The three most common primary cancers of bones and joints are osteosarcoma, Ewing sarcoma, and chondrosarcoma. Of the three, chondrosarcoma has the best prognosis. The ages at which these cancers most often occur vary. Osteosarcoma, a malignant bone tissue tumor commonly found near the growing end of the long bones, is the most common, and occurs most frequently in teens and young adults. Ewing sarcoma, a tumor often located in the shaft of long bones and in the pelvic bones, occurs most frequently in children and youth. Chondrosarcoma, a sarcoma of malignant cartilage cells, often occurs as the result of malignant degeneration of pre-existing cartilage cells within bone, including chondromas (a benign tumor), and is primarily found among older adults. However, the vast majority of chondromas never undergo malignant change; therefore, the routine resection of benign chondromas is unwarranted.
Of these three, Ewing sarcoma is generally considered to have the worst prognosis, followed by osteosarcoma. However, this perception is largely due to the greater tendency for osteosarcomas to present as high-grade tumors and for chondrosarcomas to present as low-grade tumors. When analyzed by stage, a recent survivorship analysis revealed similar survivorship rates for low-grade chondrosarcoma compared to low-grade osteosarcoma, and similar survivorship rates for high-grade chondrosarcoma when compared to high grade osteosarcoma. By definition, all cases of Ewing sarcoma are high-grade, the most aggressive category of cancer, with full potential to metastasize and bring about death. Approximately 6% to 20% of osteosarcomas are of lower grade; chondrosarcoma has a higher proportion of low-grade cases than these other two bone and joint cancers.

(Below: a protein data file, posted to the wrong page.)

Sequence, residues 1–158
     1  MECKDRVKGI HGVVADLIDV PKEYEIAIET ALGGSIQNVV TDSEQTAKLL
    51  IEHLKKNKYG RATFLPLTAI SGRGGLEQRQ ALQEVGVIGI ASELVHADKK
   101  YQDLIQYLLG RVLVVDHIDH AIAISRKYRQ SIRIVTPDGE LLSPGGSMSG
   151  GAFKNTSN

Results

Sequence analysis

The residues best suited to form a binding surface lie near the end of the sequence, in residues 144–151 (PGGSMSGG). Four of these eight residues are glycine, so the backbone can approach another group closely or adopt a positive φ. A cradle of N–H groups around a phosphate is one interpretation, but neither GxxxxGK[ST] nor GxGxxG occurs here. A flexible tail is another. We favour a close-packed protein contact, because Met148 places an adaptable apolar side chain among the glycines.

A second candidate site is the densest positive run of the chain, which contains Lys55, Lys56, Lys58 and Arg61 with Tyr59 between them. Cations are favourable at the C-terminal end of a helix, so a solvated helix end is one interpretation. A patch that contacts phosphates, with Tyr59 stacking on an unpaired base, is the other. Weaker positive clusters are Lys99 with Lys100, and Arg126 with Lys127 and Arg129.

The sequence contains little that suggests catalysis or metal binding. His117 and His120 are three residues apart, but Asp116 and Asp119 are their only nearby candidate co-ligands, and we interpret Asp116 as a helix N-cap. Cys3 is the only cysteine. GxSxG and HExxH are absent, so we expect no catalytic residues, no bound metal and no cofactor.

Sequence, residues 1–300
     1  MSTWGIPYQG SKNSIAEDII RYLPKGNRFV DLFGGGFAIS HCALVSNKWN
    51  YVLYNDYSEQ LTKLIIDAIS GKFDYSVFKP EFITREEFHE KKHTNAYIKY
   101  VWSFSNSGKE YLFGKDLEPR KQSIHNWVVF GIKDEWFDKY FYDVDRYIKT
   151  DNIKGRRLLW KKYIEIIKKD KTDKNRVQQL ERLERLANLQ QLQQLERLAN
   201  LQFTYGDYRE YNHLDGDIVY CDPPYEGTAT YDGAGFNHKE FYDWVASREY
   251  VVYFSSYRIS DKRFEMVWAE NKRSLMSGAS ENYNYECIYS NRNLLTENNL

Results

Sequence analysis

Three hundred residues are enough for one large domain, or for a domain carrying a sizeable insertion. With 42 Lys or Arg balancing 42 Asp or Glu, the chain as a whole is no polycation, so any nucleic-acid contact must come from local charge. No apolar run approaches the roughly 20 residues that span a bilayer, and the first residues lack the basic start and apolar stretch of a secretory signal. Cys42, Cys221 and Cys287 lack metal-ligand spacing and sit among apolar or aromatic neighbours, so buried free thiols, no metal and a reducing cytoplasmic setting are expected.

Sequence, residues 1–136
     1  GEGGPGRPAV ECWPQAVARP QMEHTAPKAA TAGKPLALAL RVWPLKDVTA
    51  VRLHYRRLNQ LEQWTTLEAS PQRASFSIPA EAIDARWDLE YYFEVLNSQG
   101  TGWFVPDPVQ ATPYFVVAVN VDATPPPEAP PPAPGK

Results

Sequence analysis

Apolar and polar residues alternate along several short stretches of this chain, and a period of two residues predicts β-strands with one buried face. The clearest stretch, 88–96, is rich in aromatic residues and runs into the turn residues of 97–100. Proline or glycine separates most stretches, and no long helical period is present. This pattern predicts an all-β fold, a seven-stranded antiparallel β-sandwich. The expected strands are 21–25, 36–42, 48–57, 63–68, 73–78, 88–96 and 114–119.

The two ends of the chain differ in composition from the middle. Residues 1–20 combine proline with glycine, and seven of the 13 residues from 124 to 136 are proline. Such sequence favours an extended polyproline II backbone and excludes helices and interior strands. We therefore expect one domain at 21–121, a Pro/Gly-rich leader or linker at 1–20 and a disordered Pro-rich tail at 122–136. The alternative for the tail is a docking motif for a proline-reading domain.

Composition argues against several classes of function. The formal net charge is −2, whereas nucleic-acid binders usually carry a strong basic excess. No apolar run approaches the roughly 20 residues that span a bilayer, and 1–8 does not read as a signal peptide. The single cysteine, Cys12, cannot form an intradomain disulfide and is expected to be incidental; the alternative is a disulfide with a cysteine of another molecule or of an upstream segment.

The fourth common “primary” cancer of the bone is myeloma, a malignant primary tumor of the bone marrow formed from a type of bone marrow cells called plasma cells (the cells that manufacture antibodies). This cancer and usually involves multiple bones simultaneously. The isolated single-bone version of myeloma is called plasmacytoma, but virtually all cases of isolated plasmacytoma evolve into full-fledged multiple myeloma within 5 to 10 years after diagnosis of the plasmacytoma. Like leukemia and lymphoma, myeloma is more properly considered a primary cancer of the hematopoietic bone marrow. Unlike leukemia, however, myeloma typically causes extensive changes or damage to the bone structure itself, causing fractures, pain, and hypercalcemia. Because of the associated bone destruction, myeloma is generally included in analysis of bone cancers; however, leukemia and lymphomas generally are not considered primary bone cancers, presumably because of the lower likelihood of structural bone destruction and associated complications. Non-Hodgkin’s lymphomas, however, warrant some consideration due to the frequency of bone destruction and pathological fractures requiring operative intervention.